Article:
It was my first week at the new school and although this is my seventh year as a teacher, week one's are always a bit off putting. Perhaps its the awkwardness of facing a class of fresh faces (and not knowing what to expect)coupled with the unfamiliarity of a school culture that differs remarkably from what I have experienced in the last two years. Nevertheless I believe that I made a strong start and achieved my week`s goals. It hasn't been easy as I have had to complement my teaching with the added responsibility of being Curriculum Leader (Head of the Department). This is demanding but challenging and it is this challenge that I relish (whether I will feel like this at the end of the school year is still up in the aether of uncertainty but for the present time all is well on the admin front...for now).
I have three classes this semester - A grade 10 Academic Science Class and two Grade 11 Physics Sections.
In Science I `threw`the students very early into the Curriculum. We are working on the newly formulated Optics Section and my lesson plans this week dealt with the human eye and its comparison to the camera, the electromagnetic spectrum and methodologies for the production of light. I am more aware than ever of the need to diversify my lessons and Fridays co-operative assignment on making posters to describe various types of light production (with the followup of a crossword) seemed to work well. The demo of producing light through the electric discharge of a gas source (with a Tesla coi)l was well appreciated by the students as was the use of Slinky's to illustrate the wave nature of light. My challenge with the Grade 10s is to incorporate more computer simulations in my pedagogy, a phenomenon that has been made more difficult by the lack of Internet access in the class. However I have initiated an action,as Curriculum Leader, with the board`s computer help desk to rectify the situation ASAP.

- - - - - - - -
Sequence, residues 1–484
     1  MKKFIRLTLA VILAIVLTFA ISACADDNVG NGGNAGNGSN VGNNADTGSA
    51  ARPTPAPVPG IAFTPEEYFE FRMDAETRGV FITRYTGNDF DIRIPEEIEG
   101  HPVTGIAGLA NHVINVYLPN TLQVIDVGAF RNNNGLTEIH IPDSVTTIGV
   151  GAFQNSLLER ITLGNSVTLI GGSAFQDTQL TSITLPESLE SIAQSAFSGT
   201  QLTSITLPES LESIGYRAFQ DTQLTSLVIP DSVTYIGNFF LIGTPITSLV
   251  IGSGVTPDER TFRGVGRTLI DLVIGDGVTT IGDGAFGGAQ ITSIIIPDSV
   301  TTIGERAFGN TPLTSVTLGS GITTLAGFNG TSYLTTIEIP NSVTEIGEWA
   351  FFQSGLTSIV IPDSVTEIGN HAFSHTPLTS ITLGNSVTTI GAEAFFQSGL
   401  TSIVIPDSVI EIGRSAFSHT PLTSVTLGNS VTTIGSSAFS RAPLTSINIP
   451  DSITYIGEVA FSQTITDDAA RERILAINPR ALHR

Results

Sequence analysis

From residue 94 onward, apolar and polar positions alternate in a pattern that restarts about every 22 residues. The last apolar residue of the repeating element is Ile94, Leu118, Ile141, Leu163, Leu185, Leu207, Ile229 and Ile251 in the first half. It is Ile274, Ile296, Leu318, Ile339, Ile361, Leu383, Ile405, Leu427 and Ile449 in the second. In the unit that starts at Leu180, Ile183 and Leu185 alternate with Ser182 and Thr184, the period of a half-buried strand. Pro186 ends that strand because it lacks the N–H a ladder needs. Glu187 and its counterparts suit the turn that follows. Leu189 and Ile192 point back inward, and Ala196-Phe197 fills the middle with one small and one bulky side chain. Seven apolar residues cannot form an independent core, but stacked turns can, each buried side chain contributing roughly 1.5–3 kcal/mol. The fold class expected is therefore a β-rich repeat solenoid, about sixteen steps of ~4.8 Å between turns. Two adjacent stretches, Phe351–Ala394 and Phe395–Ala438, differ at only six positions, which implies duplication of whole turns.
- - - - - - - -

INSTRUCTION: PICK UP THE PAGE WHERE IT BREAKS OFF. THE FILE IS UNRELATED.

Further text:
In Physics I have been stressing critical thinking. I opened up with a Fermi problem where I asked the students to estimate the number of marbles that could be packed into the room. This caused some initial confusion as many were not used to making assumptions (viz. diameter of the marble, voidage space, dimensions of the room etc) but after the dust it settled the solutions began to flow. Most attempts were valid but several students erred in making the correct conversion from cubic meters to cubic centimeters. Fermi problems are incredible devices for stressing the importance not only of reasonable assumptions but of order of magnitude approximation. This is a foreign concept for many students schooled in the hard philosophy of the exact answer.
Once the logistics of unit conversion and significant numbers were addressed (its amazing how many students have no idea why significant digits are so important), we spent time, via the mechanism of the faithful Socratic in discussing the importance of the three critical entities: mass, length and time. I then did a review of some key concepts from Grade 10 Kinematics (position, distance, velocity types - instantaneous, average, uniform, displacement and acceleration). Early diagnostics indicate that the students have strong mathematical skills and we really enjoyed breaking down the dynamics of the Usain Bolt Olympic run and the Donovan Bailey-Michael Johnson fastest man scenario.
My conclusion is that this will be a fun year. I can push these students to excel and we can really entertain the curriculum at its fullest.